kwtimo Well-Known Member

    Messages:
    586
    Location:
    key west, fl 10b-11
    Dean, I thought you would be familiar with this one. Glad to hear that you share my affection for this plant. I have two more species of Tabernaemontana that I will gladly write posts on, I just need to wait until they are in bloom to take pics. They are innately different from each other, and serve varied purposes in the garden design. I am interested to see which Tabernaemontana you have that you were speaking of.
     
  4. Dypsisdean

    Dypsisdean Administrator Staff Member

    Messages:
    13,862
    Location:
    Big Island of Hawaii - Kona
    Here's the larger one I was speaking of. I'll try to get a pic of the bushier one when the rain stops.
     

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  5. Dypsisdean

    Dypsisdean Administrator Staff Member

    Messages:
    13,862
    Location:
    Big Island of Hawaii - Kona
    All Right - Finally,

    Here is a pic of the smaller bushier variety I am growing. I don't know if it is a different type or not. The growth habit is very different, but the flowers are the same at a quick glance.
     

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  6. kwtimo

    kwtimo Well-Known Member

    Messages:
    586
    Location:
    key west, fl 10b-11
    Dean, I thought you had forgot about me. What a cool form of this plant. It is so compact in its habit. Are the leaves and blooms the same size as your larger plant? Have you done any pruning to it? It looks identical to the larger form, only smaller in overall size. Thanks for sharing this pic.
     
  7. Dypsisdean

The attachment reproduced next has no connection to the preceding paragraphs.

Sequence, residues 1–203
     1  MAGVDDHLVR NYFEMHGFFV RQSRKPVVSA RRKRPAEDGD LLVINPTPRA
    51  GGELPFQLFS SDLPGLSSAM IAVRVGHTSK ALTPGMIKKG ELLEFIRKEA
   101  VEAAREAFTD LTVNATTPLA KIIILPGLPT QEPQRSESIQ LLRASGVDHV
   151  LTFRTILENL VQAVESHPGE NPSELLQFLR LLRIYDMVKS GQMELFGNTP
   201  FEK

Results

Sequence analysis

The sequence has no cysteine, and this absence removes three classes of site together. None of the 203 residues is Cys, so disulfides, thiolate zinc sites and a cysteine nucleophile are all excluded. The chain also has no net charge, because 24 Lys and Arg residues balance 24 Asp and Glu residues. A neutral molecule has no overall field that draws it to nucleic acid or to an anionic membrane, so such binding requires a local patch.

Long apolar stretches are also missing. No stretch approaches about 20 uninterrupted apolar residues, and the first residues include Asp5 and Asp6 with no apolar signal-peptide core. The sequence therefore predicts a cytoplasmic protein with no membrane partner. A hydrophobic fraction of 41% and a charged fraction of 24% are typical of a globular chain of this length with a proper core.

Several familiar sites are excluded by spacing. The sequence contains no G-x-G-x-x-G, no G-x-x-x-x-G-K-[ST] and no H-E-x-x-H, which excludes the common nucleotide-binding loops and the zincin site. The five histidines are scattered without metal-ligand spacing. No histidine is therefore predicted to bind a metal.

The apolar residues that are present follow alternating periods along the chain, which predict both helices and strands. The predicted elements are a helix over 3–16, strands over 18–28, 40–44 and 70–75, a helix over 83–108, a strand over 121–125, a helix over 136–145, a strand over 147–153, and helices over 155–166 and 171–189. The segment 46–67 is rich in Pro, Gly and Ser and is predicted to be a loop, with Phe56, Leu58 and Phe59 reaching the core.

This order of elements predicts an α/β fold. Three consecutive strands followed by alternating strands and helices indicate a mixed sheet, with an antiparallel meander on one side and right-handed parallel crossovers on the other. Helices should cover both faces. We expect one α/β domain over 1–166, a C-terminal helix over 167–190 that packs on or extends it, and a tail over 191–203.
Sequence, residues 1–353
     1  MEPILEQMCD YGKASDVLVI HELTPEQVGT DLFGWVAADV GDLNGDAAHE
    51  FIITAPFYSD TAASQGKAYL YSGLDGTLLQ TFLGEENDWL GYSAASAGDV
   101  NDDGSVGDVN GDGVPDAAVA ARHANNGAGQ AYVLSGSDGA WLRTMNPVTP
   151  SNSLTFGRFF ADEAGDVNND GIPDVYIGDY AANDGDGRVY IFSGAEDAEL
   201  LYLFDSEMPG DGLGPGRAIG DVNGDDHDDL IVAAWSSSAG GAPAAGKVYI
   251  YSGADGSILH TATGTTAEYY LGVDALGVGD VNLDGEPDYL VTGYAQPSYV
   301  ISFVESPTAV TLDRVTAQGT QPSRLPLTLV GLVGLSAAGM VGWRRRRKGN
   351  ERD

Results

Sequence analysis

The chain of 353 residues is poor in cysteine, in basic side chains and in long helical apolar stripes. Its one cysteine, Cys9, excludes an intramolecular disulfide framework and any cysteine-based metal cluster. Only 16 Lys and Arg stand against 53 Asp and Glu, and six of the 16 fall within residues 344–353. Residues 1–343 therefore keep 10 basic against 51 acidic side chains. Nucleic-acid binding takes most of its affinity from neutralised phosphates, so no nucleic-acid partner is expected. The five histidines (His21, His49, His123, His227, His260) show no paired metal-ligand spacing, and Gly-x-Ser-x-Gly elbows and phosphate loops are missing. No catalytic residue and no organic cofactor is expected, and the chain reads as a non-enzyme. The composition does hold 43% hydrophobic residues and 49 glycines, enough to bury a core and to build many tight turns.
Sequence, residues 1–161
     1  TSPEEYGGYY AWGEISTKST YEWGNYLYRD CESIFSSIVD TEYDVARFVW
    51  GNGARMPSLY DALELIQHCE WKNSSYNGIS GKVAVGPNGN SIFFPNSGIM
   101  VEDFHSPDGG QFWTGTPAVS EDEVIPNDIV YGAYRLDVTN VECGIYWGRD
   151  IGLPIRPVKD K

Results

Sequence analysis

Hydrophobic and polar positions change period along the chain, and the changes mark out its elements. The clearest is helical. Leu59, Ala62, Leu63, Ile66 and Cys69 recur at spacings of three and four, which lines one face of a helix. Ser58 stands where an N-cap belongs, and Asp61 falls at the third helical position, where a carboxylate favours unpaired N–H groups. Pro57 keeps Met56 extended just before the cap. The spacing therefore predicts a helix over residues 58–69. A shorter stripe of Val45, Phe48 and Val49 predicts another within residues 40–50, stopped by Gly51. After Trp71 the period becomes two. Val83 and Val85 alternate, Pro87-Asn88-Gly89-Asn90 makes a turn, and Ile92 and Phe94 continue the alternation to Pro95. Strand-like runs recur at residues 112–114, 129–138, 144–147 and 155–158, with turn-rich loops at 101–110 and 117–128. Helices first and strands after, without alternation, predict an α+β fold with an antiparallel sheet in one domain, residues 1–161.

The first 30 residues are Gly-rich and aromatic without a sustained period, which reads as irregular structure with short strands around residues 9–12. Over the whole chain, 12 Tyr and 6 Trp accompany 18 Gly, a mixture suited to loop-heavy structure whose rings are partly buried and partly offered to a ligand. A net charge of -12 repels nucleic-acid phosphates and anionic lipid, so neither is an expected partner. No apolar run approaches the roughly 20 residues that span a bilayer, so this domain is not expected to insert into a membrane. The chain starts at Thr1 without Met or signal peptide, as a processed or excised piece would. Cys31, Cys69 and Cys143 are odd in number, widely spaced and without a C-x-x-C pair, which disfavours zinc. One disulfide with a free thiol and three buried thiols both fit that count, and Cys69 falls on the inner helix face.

Dypsisdean Administrator Staff Member

    Messages:
    13,862
    Location:
    Big Island of Hawaii - Kona
    What do you mean - it only took me 6 months to follow through. :)

    I'll have to take a few samples of a leaf and a flower from both and place them side by side and take a photo for you to decide. I haven't really done a careful examination.

    But no, I have not trimmed up the bushier one at all. I have about 5 of them, and they have all maintained that compact appearance - and I have had them in the ground for over three years. No species name was given.
     
  8. Justin

    Justin New Member

    Messages:
    7
    Location:
    Pahoa, HI; Vista, CA
    We have the tree species, and purposely put it just outside our bedroom window. Hopefully when the tree gets a bit larger and more profuse (it's about 7-8 feet tall now), every night we'll be able to smell the blooms. It has quite a nice shape, I haven't had to do any pruning for shaping purposes yet.
     
  9. Dypsisdean

    Dypsisdean Administrator Staff Member

    Messages:
    13,862
    Location:
    Big Island of Hawaii - Kona
    That is what is nice about this particular plant. I've had mine for over 7 years, and I too have never needed to touch it with clippers - not once. Sometimes slow growing is nice.